Weather Watcher Knows There’s Snow Place Like Oswego

When Paul ’65 and Chrystal Laird Cardinali ’64 vacation in Cape Cod each spring, they hope for nice weather. Of course, “nice” is a relative term.]

Paul Cardinali ’65 looks out the front window of his residence, observing the afternoon’s snowfall.

“When I go to the Cape, I want hurricane force winds, high surf and rain,” Paul says. Spoken like a weather watcher whose earliest inclement memories include playing in the remnants of Hurricane Hazel in the mid-1950s.

With personal weather records that date back to 1958, Paul has been observing weather from his Fulton home and sharing his snowy findings with Central New York media outlets for the better part of five decades. The retired high school earth sciences teacher of 34 years even developed his own computer program to track the snow measurements.

“I’ve been pulled out of snow banks several times in my endeavors,” he says of the days he and Chrystal spent chasing storms with late Professor Emeritus Bob Sykes while studying earth sciences at Oswego.

“A little older and wiser,” the couple lets the storms come to them now, says Paul.

“When I see a big storm is coming, I want it,” he says. “But, I don’t want to shovel it off the roof — the excitement is still there though.”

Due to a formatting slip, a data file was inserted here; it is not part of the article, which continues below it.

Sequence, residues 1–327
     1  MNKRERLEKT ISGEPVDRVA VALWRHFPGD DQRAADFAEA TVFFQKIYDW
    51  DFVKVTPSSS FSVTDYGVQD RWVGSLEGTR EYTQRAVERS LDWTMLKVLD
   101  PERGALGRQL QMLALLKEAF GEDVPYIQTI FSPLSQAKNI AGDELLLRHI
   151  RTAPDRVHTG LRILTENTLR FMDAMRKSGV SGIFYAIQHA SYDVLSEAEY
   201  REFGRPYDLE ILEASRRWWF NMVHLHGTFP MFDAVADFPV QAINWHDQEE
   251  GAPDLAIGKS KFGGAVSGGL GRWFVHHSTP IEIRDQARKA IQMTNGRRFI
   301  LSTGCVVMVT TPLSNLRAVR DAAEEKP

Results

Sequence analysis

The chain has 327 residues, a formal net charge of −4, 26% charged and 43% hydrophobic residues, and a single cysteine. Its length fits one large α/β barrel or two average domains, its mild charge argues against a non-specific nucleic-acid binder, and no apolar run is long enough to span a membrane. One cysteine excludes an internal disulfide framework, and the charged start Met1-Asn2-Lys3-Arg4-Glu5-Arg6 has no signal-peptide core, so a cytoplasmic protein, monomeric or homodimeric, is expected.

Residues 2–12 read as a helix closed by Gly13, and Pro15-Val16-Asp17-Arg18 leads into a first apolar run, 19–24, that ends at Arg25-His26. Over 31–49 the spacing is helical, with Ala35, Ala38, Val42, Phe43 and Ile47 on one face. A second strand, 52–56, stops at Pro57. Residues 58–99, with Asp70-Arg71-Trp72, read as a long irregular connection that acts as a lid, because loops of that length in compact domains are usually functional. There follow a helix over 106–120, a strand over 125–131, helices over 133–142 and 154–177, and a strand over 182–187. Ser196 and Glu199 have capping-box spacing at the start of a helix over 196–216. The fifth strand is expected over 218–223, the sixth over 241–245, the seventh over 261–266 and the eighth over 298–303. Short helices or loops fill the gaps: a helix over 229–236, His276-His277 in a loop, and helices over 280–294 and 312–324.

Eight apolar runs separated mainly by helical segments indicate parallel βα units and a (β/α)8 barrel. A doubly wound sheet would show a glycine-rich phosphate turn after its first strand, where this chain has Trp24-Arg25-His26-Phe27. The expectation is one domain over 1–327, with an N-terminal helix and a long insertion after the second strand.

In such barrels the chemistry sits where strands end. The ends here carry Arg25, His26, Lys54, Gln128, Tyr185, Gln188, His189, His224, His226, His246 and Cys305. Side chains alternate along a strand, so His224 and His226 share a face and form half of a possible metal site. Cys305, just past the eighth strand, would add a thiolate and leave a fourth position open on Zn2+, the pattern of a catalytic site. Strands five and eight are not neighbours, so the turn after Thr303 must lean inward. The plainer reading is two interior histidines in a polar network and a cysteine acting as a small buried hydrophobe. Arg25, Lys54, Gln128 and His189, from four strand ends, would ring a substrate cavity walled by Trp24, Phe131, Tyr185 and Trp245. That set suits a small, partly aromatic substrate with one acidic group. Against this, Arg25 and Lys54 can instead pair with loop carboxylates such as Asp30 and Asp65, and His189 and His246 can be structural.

He and his fellow Central New Yorkers are certainly in the right place for weather.

“Anyone who has lived since 1960 has seen some of the best and worst of the weather that we’ve had in 150 years,” says Paul, who has analyzed data going back to the 1830s. Some of the worst events in his memory occurred during the winters of 1966, 1974 and 2003.

3 thoughts on “Weather Watcher Knows There’s Snow Place Like Oswego

  1. Hi Chrystal,

    Your article brought back fond memories of Washington Blvd. Hope all is well with you and your family.


    Bill Shaffer

  2. I had the pleasure of studying High School Earth Science under Mr. Cardinali back in 1979. I’ll never forget the bounce in his step or his exuberance for Winter storms. Growing up where I did in NY, with the extra helping of lake effect snow each Winter, you either embraced the storms or suffered through them. Whenever I am out hiking or skiing in the wilderness and have a spot of turbulent weather I smile as I think back to my class with Mr. Cardinali and tell Mother Nature to bring it on because nice days can be oh so boring. I’m glad to read that he still has the same fire in his belly for the cold stuff.

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